Was unaware who possessed Adarsh land: Chief promoter
In a revelation that throws further doubt on the possession of land in the Adarsh housing society case, Kanhaiyalal Gidwani, one of the chief promoters of the society, said that he was not sure which authority was in possession of the land, and that his knowledge was based mainly on hearsay.mumbai Updated: Sep 13, 2011 01:18 IST
In a revelation that throws further doubt on the possession of land in the Adarsh housing society case, Kanhaiyalal Gidwani, one of the chief promoters of the society, said that he was not sure which authority was in possession of the land, and that his knowledge was based mainly on hearsay.
Deposing before the two-member Adarsh Inquiry Commission, Gidwani said: “It is correct to say that my knowledge about the fact of possession, with respect to the land in question, was not based on my personal knowledge, but on hearsay.”
He added that right from when he saw the plots, till the allotment of land to the society, he did not feel it necessary to verify in whose possession the land was.
However, he admitted that he had written letters stating that the land belonged to the Local Military Authority. “It is correct to say that my statements in my letters, that the land in question was in possession of the LMA, was based on incomplete knowledge and information,” he added.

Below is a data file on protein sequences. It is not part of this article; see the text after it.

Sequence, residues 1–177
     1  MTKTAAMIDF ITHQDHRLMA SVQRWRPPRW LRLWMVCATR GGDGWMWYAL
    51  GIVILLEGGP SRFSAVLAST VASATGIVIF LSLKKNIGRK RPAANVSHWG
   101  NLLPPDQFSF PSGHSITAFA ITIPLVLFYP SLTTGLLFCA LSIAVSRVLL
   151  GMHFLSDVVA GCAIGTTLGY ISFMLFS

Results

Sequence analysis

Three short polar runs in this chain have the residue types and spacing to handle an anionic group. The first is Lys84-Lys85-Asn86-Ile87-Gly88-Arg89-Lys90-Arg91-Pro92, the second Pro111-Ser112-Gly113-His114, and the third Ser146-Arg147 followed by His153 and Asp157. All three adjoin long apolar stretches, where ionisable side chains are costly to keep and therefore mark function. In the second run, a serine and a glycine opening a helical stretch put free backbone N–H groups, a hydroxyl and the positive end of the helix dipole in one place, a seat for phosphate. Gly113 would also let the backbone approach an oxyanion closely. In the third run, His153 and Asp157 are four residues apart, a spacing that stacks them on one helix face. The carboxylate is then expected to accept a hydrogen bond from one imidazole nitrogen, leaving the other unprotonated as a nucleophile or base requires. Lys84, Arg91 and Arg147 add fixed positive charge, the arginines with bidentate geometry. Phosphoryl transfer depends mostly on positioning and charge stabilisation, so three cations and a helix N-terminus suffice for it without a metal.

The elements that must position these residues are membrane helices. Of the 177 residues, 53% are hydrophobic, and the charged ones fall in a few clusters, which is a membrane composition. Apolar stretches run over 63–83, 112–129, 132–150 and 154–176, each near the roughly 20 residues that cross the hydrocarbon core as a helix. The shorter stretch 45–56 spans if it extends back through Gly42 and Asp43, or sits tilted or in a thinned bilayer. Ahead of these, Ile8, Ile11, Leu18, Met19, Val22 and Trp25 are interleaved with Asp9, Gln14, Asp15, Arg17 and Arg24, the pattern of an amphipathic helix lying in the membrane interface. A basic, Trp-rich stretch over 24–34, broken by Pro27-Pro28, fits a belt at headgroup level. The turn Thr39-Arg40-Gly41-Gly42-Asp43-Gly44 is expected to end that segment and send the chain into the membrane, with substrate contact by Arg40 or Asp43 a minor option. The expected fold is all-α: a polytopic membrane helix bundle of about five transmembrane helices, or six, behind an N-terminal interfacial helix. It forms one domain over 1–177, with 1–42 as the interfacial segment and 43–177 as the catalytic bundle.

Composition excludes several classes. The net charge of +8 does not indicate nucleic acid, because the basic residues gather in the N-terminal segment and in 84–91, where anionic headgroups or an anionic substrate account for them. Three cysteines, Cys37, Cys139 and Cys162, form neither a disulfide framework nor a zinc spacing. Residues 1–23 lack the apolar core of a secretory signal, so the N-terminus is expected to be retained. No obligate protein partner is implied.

Last week, Gidwani had revealed that the society did not obtain the environmental clearance from the Ministry of Environment and Forests (MoEF).
He said that a clarification given by the MoEF to the state government was interpreted as a clearance given to the society.
In Monday’s deposition, Gidwani also admitted that he had applied for additional Floor Space Index (FSI) for the society, despite a Letter of Intent (LOI) not being issued to the society.
He however denied that there had been any understanding between him and the then chief minister Vilasrao Deshmukh and other bureaucrats.
The controversial Adarsh Cooperative Housing Society, located at Cuffe Parade, plummeted to the limelight when it was revealed that houses in luxurious 31-storey high-rise, meant for Kargil war heroes and war widows, had been allotted to politicians and bureaucrats.